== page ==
For immediate release: Monday 15 December 2003
Meridian Energy Reiterates Project Aqua’s Dry Year Worth
Meridian Energy is reassuring New Zealanders about the value Project Aqua would have to New Zealand in a dry year.
This follows what Meridian Energy spokesperson Alan Seay describes as some misunderstanding about how Project Aqua would
work during a dry year.
“The fact is that the Project Aqua scheme would add 30% more generation capacity to the Waitaki River – even in a dry
year,” says Alan Seay.
In a normal year, Project Aqua would generate 3000 GWh – that is enough renewable electricity to power the equivalent of
about 375,000 households. Even in a dry year (a 1-in-20 year event), it would generate enough electricity to supply
The single Kaplan turbines proposed for six Project Aqua power stations would have variable-pitch blades. That means the
power stations would be able to operate over a wide range of canal flow conditions. Meridian Energy is proposing the use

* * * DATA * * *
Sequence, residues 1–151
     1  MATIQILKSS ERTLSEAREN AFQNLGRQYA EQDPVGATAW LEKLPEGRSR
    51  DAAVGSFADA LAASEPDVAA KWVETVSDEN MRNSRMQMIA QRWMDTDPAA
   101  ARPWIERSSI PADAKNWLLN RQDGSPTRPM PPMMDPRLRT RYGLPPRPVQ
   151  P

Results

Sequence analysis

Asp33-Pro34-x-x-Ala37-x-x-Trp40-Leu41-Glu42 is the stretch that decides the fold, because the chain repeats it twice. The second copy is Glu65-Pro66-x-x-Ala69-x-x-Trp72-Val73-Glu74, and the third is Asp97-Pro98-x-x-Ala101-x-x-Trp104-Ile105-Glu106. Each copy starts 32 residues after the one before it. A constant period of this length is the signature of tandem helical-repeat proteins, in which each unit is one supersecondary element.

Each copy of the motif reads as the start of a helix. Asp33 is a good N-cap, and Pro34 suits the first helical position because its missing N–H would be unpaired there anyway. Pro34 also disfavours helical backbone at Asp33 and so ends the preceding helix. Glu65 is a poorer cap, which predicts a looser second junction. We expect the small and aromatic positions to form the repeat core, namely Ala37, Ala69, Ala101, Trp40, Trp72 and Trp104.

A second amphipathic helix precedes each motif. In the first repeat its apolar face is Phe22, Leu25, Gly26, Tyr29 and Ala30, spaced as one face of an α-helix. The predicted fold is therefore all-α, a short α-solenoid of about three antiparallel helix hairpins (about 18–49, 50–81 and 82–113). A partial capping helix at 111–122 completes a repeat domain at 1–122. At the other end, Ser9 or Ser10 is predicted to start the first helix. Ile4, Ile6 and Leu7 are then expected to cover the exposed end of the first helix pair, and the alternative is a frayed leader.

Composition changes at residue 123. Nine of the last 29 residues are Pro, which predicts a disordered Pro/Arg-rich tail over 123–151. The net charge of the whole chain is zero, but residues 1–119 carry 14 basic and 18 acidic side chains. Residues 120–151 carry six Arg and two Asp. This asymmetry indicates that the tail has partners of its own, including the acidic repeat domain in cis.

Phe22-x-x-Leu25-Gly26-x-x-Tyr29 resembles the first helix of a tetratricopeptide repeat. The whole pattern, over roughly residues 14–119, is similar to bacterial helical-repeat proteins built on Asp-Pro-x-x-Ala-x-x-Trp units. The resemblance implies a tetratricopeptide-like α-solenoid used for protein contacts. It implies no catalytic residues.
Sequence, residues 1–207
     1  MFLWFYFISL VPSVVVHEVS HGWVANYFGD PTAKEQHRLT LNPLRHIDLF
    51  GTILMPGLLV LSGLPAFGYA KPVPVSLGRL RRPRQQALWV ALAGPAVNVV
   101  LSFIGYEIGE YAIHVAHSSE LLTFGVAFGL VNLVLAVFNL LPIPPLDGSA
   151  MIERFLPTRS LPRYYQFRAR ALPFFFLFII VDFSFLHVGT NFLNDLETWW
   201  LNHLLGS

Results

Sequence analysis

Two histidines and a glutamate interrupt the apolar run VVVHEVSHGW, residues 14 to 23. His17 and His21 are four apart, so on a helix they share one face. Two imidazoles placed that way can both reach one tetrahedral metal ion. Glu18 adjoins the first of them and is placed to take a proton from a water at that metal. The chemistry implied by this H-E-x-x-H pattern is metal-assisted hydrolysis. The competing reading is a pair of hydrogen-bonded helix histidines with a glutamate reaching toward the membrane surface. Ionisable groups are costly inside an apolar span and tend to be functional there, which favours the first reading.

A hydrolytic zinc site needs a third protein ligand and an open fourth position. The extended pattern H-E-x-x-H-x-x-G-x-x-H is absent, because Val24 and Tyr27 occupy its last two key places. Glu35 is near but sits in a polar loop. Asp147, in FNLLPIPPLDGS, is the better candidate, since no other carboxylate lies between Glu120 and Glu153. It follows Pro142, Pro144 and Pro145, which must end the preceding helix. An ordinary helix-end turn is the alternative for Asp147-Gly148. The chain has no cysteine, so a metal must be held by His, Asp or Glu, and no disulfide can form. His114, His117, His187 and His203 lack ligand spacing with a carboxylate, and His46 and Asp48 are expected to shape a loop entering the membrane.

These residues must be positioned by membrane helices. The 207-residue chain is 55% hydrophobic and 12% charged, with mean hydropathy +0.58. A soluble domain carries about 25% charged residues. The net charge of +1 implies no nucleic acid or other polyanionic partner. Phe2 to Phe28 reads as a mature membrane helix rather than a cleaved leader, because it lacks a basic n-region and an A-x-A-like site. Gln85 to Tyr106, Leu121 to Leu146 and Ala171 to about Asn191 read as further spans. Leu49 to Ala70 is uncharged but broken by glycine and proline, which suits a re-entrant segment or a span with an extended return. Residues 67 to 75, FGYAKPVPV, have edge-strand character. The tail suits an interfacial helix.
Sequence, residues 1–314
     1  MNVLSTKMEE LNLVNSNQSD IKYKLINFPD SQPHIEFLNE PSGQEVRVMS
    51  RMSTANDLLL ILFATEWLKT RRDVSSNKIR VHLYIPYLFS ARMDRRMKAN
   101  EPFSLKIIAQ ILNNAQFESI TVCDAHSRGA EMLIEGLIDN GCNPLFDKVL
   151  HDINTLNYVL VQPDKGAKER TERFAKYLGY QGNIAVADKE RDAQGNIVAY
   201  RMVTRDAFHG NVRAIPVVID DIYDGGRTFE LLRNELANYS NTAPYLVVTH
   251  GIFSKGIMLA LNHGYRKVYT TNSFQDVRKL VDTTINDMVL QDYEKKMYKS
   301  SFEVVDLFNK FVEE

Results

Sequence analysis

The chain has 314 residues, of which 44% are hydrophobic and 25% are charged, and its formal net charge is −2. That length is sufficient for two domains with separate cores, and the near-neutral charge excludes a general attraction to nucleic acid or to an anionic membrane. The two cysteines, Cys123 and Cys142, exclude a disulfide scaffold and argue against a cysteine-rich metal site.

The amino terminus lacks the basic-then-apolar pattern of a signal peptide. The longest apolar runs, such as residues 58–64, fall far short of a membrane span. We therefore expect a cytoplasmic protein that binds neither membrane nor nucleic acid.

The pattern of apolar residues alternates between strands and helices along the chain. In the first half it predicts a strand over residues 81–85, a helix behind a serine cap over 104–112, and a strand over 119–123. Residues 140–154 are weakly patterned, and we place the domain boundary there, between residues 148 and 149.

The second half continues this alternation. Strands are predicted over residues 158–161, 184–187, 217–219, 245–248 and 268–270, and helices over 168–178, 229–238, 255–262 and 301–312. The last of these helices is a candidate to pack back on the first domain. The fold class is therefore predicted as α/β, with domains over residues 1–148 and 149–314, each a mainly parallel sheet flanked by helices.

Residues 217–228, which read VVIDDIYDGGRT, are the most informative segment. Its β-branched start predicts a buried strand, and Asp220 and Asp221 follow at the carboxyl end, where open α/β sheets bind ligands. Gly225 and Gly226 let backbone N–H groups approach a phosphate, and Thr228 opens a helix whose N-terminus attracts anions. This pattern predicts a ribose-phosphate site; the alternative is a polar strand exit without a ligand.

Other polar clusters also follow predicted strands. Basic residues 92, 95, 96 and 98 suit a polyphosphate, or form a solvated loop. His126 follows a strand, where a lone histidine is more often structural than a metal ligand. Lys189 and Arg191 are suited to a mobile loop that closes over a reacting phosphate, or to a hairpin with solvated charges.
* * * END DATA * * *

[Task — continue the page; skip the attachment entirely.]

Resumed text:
of these single Kaplan turbines because they are the most efficient for the hydraulic conditions that would exist in the
Project Aqua canal.
“Project Aqua would produce electricity every year, whether it is wet or dry,” says Alan Seay.
The financial impact of a dry year
Despite some suggestions that Meridian Energy, which is a state-owned enterprise, somehow benefits from a dry year, the
opposite is actually true.
“In a dry year, the spot prices soar and as we have to purchase power from that market to satisfy our customer
contracts, this has a serious impact on Meridian’s financial performance,” says Alan Seay.
In 2000-2001, Meridian Energy’s net profit was $125.1 million. In 2001-2002, that fell to $84 million due to the dry
year costs. In the latest financial year, Meridian Energy’s profit was $109.3 million, but $83 million of that was made
in the first six months before the low inflows and thermal fuel shortages of March and April sent spot prices soaring.
“As a state-owned enterprise one of our key responsibilities is to operate as a successful business, just as we would if
we were in the private sector. Our profits go back to our owners – the Government, and are ultimately owned by all New
Zealanders. In the last three years we have paid $289 million to the Government in dividends alone, and that doesn’t
include the $176 million Meridian Energy paid in taxes.”
As Project Aqua would increase the company’s generation capacity in both a dry and normal year, it would not only
improve the security of electricity supply but also benefit our owners – the Government and people of New Zealand,”
concludes Alan Seay.